3 Ways Your Competition is Winning with Data

Insights AnalyticsDataeBookMarketingSales
Askuity
By Askuity
Jun 07 2016

 

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The True Value of Retail Data

In 1985, Walmart changed the retailer-supplier relationship forever when it created Retail Link, a proprietary vendor portal solution that would allow its suppliers to track sales performance at the SKU and store level. A number of other major retailers soon followed suit, seeing the benefits of providing increased visibility to their suppliers and sharing the responsibility of monitoring sales and inventory levels.

Whether or not they were aware at the time, these front-running retailers created a lasting precedent. Increased vendor access to data, coupled with leaner than ever buyer teams, has created the expectation that suppliers bring data-supported insights to conversations with their key retail accounts. In this partnership model, the onus is on suppliers to make sure that they have the data and analytics capabilities to contribute.

Business Impacts of Better Managed Data

75% of of data sharing leaders say that the quality of collaboration and dialogue with their retail partners has improved since incorporating data into their daily operations.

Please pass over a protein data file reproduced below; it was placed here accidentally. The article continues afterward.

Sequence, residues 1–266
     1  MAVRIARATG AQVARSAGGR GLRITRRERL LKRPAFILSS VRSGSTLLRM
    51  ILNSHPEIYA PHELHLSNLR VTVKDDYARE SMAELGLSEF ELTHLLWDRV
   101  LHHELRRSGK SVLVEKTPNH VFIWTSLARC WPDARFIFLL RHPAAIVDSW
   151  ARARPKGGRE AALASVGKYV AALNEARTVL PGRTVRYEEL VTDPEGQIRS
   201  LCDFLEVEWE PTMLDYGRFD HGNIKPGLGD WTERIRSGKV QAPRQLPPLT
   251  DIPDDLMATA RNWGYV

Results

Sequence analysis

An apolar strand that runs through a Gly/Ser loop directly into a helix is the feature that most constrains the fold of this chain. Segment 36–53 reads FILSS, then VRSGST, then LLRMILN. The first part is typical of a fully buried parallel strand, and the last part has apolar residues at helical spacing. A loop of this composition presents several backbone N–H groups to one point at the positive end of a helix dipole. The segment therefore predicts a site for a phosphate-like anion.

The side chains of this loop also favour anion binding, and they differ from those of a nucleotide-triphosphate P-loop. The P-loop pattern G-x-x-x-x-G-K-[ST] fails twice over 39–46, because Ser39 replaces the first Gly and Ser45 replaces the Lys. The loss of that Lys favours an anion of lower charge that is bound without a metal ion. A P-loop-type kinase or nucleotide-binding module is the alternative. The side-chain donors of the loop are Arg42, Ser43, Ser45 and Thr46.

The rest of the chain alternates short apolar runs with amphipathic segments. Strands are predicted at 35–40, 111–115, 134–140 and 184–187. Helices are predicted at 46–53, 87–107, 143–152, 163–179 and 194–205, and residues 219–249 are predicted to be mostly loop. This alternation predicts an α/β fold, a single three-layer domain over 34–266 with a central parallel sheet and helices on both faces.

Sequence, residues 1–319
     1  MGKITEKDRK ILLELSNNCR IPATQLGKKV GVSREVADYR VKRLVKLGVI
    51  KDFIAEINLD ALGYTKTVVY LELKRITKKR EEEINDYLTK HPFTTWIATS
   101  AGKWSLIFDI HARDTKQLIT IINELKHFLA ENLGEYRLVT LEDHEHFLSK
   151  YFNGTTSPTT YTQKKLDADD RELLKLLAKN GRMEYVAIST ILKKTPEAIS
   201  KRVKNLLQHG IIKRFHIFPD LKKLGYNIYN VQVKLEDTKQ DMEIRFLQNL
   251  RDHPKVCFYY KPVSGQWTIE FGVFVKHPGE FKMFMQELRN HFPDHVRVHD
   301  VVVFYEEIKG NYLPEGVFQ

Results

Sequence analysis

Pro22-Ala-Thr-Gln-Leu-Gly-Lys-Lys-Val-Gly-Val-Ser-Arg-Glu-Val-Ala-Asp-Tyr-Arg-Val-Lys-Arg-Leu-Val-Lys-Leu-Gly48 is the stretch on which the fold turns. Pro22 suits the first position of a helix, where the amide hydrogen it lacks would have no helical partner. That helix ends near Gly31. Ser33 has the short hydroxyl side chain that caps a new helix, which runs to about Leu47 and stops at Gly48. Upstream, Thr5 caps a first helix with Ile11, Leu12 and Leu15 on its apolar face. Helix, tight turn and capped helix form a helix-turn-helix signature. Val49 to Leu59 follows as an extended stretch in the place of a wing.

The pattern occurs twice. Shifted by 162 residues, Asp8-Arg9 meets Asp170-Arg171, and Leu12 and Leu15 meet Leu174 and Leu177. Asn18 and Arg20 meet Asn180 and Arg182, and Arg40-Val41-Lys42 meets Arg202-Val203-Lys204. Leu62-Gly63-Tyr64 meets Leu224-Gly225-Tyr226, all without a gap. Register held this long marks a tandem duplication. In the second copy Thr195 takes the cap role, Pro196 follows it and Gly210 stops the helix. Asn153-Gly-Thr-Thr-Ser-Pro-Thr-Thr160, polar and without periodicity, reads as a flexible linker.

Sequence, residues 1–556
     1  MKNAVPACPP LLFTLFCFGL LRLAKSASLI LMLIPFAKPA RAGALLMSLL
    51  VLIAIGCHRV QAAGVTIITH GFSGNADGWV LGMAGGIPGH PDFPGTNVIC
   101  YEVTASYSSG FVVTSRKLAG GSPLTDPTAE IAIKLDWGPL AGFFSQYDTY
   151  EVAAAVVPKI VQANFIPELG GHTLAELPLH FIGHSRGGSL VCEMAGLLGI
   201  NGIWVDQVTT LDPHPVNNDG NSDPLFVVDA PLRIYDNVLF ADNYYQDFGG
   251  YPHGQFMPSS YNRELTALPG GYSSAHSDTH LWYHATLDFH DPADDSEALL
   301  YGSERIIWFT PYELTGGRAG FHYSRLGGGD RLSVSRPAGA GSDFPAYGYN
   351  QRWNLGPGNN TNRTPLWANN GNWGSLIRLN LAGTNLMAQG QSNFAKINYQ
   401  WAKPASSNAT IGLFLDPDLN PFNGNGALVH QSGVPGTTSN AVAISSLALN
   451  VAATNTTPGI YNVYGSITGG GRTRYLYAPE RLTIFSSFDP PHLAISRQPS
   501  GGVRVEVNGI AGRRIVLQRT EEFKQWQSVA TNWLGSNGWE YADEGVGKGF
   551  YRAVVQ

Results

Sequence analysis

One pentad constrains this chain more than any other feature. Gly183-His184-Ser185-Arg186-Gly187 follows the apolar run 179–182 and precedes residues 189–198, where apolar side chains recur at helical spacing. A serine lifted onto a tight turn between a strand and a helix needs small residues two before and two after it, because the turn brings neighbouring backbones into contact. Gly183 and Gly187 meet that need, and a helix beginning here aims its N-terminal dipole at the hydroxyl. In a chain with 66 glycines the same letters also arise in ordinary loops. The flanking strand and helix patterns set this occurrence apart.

Suppliers list numerous benefits of better managing retail point of sale and inventory data. Interestingly, the top 5 business benefits align almost exactly with the benefits listed by retailers as accruing to them through supplier data sharing:

1. Improved on-shelf availability
2. Better demand forecast accuracy
3. Lower inventory and safety stock levels
4. New product launch execution management
5. Improved customer experience

This further highlights that retailer-supplier data sharing and collaboration can get both sides singing from the same song-sheet in the pursuit of customer satisfaction and operational excellence.

So with all these great benefits, surely all suppliers must be investing in the people and tools to leverage data, right?

Wrong. 

The reality is that not all suppliers are consumer packaged goods behemoths like P&G or Nestle, whose massive volume affords them the opportunity to invest millions of dollars in people, processes and tools to integrate this data into their daily operations.

In fact, outside of the top tier of CPG companies, one sees a significant drop-off of capabilities in suppliers’ effective use of retailer data to improve their business. In fact, this capability is almost entirely absent in those channels outside of traditional fast-moving consumer goods channels like grocery, even among the largest suppliers. Home improvement and hardware, sporting goods, apparel, general merchandise, and consumer electronics are all examples of channels where suppliers are less mature than their counterparts in the traditional CPG channels when it comes to effectively using downstream retail data.